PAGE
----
The Internal Revenue Service (IRS) says it will let employers with 50 to 99 full-time employees wait until Jan. 1, 2016, to comply with the Patient Protection and Affordable Care Act (PPACA) group coverage mandate.
But employers with 100 or more full-time employers will have to comply with the Internal Revenue Code Section 4980H “play or pay” provision Jan. 1, 2015.
Employers affected by the requirements in 2015 would have to offer coverage to just 70 percent of full-time workers in the first year and 95 percent in the second year, according to new final regulations that are set to appear in the Federal Register Wednesday.
Midsize employers that want to wait until 2016 to comply cannot simply downsize to fit into the 50-99 FTE category, but employers close to the 100-employee cut-off may be able to qualify for the mandate delay if they can show they reduced workforce size or hours for “bona fide business reasons.”
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Under PPACA, workers are “full-time employees” and eligible for the mandated coverage if they work more than 30 hours per week.
Phasing in the penalty should help workers who work 35 hours per week but have been considered part-time workers, IRS officials say.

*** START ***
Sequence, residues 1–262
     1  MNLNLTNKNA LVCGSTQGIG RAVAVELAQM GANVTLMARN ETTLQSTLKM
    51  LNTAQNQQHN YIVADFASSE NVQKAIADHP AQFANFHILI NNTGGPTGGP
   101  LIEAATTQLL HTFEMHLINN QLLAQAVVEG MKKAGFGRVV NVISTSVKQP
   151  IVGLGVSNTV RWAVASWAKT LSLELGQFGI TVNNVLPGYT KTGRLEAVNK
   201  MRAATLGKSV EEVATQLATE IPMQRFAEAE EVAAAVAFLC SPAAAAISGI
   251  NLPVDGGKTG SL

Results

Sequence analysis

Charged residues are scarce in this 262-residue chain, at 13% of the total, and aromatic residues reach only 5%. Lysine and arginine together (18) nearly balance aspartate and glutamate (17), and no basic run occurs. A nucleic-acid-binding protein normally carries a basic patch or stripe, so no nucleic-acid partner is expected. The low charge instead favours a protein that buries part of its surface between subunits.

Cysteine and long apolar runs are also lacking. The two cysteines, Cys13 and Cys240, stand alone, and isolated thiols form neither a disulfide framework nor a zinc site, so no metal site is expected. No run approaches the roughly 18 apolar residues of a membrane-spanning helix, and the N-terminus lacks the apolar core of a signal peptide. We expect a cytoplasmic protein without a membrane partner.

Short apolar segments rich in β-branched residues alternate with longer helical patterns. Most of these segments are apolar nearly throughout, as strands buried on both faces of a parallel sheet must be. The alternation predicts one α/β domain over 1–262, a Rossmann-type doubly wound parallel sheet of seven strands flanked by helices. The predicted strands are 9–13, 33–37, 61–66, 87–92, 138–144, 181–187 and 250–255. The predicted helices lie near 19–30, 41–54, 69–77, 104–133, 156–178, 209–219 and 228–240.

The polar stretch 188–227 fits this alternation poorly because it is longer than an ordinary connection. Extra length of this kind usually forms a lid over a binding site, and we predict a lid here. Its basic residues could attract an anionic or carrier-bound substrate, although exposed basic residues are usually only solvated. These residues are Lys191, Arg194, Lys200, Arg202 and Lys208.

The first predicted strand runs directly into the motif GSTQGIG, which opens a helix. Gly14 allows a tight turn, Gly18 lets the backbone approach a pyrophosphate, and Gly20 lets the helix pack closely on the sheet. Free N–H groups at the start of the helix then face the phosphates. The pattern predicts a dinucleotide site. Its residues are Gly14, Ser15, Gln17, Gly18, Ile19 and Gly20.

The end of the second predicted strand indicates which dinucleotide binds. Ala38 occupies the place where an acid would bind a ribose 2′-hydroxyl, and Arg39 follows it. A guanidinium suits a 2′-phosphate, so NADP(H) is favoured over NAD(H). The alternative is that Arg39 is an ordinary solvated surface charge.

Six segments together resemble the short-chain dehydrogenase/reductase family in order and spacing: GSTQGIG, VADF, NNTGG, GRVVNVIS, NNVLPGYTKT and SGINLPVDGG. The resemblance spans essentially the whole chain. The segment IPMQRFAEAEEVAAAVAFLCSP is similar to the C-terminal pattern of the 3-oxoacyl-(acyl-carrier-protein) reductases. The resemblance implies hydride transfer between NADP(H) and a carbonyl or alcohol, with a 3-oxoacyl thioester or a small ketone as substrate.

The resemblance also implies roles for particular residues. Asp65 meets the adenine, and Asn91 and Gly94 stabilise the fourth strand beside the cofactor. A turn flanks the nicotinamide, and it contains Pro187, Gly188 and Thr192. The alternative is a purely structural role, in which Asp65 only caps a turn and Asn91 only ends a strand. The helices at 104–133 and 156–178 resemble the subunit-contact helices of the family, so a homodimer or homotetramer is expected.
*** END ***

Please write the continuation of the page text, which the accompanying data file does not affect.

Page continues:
The regulations — Shared Responsibility for Employers Regarding Health Coverage (RIN 1545-BL33) — implement a tax law added by PPACA Section 1513.
PPACA requires that employers with at least 50 full-time employees, or full-time equivalents (FTEs), offer health coverage or else pay a penalty for every employee who qualifies for subsidized coverage from the new PPACA health insurance exchange system.
Originally, the mandate was supposed to take effect for all secular employers with 50 or more FTEs this year.
’The penalty the employer pays would be based on the number of full-time workers that the employer employs. For purposes of calculating the penalty, the employer would not have to include part-time and seasonal workers in the calculations.
Under PPACA, only workers who are not offered group health coverage are eligible to apply for exchange coverage subsidies.